License plate scanners are Vernon Hills' new weapon against crime
Knowing the village's vast retail base is a target for organized professional criminals, Vernon Hills police recently prepared for a strike.
Officers were on alert and monitoring various locations when a 911 call came in with partial vehicle information. An officer on patrol saw the car speed by and captured an image with an onboard camera.
It was too blurred to read.
"We still don't know what that plate is and we still don't know who the offenders are," Deputy Chief Patrick Zimmerman explained to the village board recently.
"That's putting everything -- all our tools -- together, and these people still got away," he said. "If we had an LPR system in place, we would have captured that license plate."
Zimmerman was referring to Automated License Plate Readers, and this and other instances were used this week in a successful pitch to the village to lease 10 such cameras to combat roving burglary crews and smash-and-grabbers, and help in the investigation of other crimes.
"This sounds like a great idea. I'm all for it," Trustee Thom Koch Jr. said after the presentation by Zimmerman and Police Chief Patrick Kreis.
Officials say strategically placed fixed cameras will provide color photos of a vehicle's license plate, color and type.
The system also will have features to recognize a vehicle manufacturer by logo, bodylines and light designs.
According to police, vehicles are used in most crimes committed in the village, and often even a partial vehicle description is the biggest lead. But without more detail it's hard to find the criminals, police say.
"I can't emphasize enough how important having license plate information is, because criminals tend to use what we call 'work cars,'" Kreis said.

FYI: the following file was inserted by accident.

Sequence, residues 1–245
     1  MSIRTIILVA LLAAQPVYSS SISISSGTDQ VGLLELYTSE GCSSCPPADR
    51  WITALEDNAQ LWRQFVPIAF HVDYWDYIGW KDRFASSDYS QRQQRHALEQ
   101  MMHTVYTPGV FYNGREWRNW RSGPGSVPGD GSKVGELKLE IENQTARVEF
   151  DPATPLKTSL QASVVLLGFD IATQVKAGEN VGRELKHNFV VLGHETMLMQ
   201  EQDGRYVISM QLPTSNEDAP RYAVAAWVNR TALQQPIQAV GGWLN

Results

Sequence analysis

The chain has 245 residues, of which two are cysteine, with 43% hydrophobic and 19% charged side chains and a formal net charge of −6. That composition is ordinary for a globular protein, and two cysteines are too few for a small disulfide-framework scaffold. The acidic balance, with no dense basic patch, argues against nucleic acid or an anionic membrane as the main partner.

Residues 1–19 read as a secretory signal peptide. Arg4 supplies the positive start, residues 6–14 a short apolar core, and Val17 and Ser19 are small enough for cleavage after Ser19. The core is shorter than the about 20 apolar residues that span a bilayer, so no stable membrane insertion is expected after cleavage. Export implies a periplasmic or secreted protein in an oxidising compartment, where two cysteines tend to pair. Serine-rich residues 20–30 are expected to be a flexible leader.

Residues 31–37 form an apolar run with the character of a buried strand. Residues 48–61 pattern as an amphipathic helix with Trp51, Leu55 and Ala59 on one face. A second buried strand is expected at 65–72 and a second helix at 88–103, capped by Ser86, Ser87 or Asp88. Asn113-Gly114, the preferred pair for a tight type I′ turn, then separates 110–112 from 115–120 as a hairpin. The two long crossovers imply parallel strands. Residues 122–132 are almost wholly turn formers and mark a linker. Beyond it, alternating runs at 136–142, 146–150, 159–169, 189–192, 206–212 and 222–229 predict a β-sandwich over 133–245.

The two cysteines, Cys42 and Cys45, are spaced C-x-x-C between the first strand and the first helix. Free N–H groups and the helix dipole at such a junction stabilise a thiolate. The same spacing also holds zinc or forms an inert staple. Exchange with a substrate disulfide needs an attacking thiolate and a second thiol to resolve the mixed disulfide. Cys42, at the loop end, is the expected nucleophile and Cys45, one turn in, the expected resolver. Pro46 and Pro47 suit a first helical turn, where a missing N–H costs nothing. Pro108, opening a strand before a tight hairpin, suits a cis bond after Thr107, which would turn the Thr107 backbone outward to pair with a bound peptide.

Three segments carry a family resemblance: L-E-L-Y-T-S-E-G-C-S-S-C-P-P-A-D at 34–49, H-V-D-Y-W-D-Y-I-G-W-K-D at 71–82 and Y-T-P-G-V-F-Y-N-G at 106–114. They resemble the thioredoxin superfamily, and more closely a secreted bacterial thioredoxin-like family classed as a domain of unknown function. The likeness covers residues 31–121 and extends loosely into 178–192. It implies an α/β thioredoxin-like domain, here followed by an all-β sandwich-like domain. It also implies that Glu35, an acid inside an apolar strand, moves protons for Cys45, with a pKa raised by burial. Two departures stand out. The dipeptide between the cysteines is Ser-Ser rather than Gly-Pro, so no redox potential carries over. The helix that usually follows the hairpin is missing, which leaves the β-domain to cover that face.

Information gleaned from the cameras can provide strong leads immediately and help clear open cases, police say.
The system also would alert them to habitual retail theft offenders, burglary crews, registered sex offenders, missing persons, those sought in Amber or Silver alerts, and stolen vehicles.
Kreis said any jurisdiction in the country can submit information regarding wanted vehicles to the National Criminal Information Center, which generates a "hot list." The cameras will compare the images it takes with those on the hot list and alert police and dispatchers if there is a match.
Information captured by cameras would not be used to generate fines or issue tickets, Kreis emphasized. Images would be stored for 30 days.
"There are people who may be critical of such technology, that we are trying to track or keep track of everybody driving through town," Kreis said.
"This technology does not do that. It merely runs it against a known list of stolen vehicles or vehicles associated with a wanted or missing person."
The board informally agreed to proceed with a two-year contract at $20,000 per year, with Georgia-based Flock Safety, that includes a 60-day trial period with no obligation. The company will install and maintain the equipment and provide support.